Although in most other places “cider” means the fermented alcoholic drink, in the U.S. we still make a distinction. I like that. That stuff is hard cider, while the tasty stuff you can give to hotel patrons, 20-somethings, grandparents, and trick-or-treaters alike is just plain apple cider …and it’s delish.

Here’s a quick mulled cider recipe:

Pour a few cups of apple cider into a saucepan and start to heat on medium-low. Throw in a few whole cloves, cardamom pods, sticks of cinnamon, and/or pieces of star anise. Simmer for 10-20 minutes. I like to add a little water partway through to keep it from boiling down and getting too sweet. Now strain and pour into a big mug that requires both hands to hold. Sip and smile.

Halloween fare

If you’re like me, you think as much about what food to bring to the Halloween party as what to wear. Because of this presumed obsession with food, you have probably realized that Halloween fare can be so much more than brown and orange M&Ms. It can be sophisticated, scary, or delightfully gross. And, I shall argue, it doesn’t have to be loaded with sugar and artificial colors. Take that, Mars!

First of all, you should definitely check out this wealth of fun ideas. (One day I really want to try those eyeballs).

Here are a few slightly simpler ideas.

Polenta Fingers with Monstrous Marinara — Slice polenta to resemble disembodied fingers, fry, and serve with “bloody” marinara sauce. (Adding beet juice, or water that beets were simmered in, can achieve a more authentic blood hue)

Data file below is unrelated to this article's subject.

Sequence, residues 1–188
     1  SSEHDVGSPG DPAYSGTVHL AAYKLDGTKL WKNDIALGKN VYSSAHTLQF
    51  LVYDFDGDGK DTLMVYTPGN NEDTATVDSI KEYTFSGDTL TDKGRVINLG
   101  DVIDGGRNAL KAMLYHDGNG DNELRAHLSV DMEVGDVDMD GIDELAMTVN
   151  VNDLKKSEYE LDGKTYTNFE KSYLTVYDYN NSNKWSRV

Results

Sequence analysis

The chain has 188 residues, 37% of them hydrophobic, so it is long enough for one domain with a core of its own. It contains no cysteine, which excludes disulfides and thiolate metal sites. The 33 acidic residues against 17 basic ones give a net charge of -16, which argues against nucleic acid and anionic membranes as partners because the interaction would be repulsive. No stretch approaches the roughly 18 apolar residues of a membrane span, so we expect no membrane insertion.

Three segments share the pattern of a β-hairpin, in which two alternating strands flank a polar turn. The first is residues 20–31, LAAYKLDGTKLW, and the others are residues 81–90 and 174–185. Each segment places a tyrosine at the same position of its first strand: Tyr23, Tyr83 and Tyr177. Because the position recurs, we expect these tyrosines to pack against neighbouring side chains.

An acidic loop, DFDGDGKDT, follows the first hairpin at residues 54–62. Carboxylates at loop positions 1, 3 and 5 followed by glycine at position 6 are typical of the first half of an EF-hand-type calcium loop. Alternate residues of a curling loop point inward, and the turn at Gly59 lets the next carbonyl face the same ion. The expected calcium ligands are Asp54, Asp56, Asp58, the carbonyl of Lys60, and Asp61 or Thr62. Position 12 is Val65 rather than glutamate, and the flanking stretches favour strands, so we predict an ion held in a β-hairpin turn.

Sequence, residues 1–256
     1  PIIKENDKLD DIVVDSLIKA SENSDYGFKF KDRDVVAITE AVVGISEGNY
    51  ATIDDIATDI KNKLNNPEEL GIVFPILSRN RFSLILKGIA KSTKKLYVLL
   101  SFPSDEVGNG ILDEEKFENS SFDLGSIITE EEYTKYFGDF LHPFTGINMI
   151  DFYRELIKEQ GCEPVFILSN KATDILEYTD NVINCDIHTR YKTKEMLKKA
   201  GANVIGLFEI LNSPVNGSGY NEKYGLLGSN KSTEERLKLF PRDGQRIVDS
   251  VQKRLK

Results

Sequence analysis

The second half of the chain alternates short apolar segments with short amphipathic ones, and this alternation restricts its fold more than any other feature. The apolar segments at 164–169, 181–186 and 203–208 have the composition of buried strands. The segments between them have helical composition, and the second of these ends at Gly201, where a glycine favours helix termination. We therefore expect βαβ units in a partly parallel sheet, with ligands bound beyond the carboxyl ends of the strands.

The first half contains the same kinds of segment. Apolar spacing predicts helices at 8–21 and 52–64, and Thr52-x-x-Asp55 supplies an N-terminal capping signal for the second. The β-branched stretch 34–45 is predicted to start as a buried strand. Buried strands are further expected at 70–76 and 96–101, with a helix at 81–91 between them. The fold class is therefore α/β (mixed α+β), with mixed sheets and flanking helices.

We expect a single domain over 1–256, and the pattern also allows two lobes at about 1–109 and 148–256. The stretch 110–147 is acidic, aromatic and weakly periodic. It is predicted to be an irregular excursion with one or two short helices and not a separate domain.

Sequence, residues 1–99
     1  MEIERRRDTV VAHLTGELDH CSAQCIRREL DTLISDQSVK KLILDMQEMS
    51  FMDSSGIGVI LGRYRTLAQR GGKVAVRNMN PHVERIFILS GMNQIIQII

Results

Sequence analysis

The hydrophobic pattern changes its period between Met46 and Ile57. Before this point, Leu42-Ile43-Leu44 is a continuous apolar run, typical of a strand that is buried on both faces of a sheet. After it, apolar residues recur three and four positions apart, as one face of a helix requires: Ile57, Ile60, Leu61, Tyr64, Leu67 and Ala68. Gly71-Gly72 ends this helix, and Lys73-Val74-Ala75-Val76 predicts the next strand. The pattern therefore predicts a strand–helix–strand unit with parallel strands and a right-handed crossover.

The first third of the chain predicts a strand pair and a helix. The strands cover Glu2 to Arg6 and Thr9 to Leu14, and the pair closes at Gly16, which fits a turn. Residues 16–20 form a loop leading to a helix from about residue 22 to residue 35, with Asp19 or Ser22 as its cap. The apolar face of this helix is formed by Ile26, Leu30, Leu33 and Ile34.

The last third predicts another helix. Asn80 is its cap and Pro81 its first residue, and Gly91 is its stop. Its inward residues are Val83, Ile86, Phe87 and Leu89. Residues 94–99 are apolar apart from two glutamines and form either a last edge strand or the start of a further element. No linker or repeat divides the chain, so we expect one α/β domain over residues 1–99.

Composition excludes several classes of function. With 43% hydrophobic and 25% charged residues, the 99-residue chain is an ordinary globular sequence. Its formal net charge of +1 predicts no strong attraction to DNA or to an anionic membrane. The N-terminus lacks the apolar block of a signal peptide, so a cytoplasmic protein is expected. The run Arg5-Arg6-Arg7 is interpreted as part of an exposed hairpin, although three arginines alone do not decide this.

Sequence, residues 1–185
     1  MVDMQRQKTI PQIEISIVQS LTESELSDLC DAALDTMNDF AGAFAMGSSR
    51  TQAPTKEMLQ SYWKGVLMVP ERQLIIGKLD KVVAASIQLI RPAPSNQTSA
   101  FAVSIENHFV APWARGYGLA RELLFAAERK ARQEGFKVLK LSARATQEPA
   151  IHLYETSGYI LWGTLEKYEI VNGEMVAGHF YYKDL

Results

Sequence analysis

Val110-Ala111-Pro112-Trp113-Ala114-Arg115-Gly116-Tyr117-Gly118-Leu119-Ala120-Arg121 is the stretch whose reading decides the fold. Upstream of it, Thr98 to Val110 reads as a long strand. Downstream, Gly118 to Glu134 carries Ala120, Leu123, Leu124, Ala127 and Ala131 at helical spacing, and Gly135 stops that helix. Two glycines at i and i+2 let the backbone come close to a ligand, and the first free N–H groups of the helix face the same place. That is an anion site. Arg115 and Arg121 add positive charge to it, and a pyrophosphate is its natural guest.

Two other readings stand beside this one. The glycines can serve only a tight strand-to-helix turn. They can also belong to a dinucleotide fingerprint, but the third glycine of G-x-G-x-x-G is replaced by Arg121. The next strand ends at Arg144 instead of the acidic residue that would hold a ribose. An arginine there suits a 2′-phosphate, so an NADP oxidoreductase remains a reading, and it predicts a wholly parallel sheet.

Frightfully Good Cheesies – Start by making some wasabi mayo: thoroughly combine about 1/4 cup mayonnaise, 1/4 cup softened cream cheese, a few teaspoons wasabi powder, and salt to taste. Quarter the slices of one loaf of dark pumpernickel bread and slice 12 oz. orange cheddar cheese (don’t worry – it’s usually colored with totally natural annatto). Assemble by slathering a little mayo on each slice and topping with cheese.

Brains on Toast – Combine 8 oz. softened cream cheese, 1-2 Tbs. miso paste, 1-2 Tbs. finely chopped onion, and 2 tsp. vegetarian Worcestershire sauce. Spread on melba toast or toasted baguette. Top with strips of roasted red pepper “entrails” if desired.

Chocolate Graveyards– Get yourself some chocolate cake batter, frosting, and chocolate cookies (organic and/or local, of course) and bake up a cake or a bunch of cupcakes. Frost the top(s) and cover with crumbled cookies (“dirt”) to create a graveyard. Position candy tombstones, gummy worms, green apple cut to look like tufts of grass, etc. along the top.

… and if you’ve ever channeled the ghosts of MIT grads past, you might have success with a Robot Hand. (It really moves! Eat it before it eats you!)

Or try any of these healthy, yummy ideas. What cute jack-Os!

Have fun!

What to do with radishes?

radish-and-seaweed-salad.jpg

They show up in the salads of every diner you visit and are a mainstay of produce aisles, but radishes are not the kind of thing you go crazy over. I’ve never heard of any cookbooks dedicated to them or festivals celebrating them. They are more of an afterthought. But there they were in my CSA share, coming at a rate of six to eight a week, so I decided to make an effort to use them.

The other night, I happened to have a homemade seaweed salad hanging out in my fridge (not common for the average person, I know, but this is me we’re talking about) and a bell went off.

I realized that the soft texture of the ‘weed and the crunch of the radishes would go together beautifully, with the shallow spice of the radish complimenting the deep, subtly salty flavor of its companion. Not only that, but the dark green of the seaweed with the vibrant pink and bright white of the radishes would also look mighty fine together.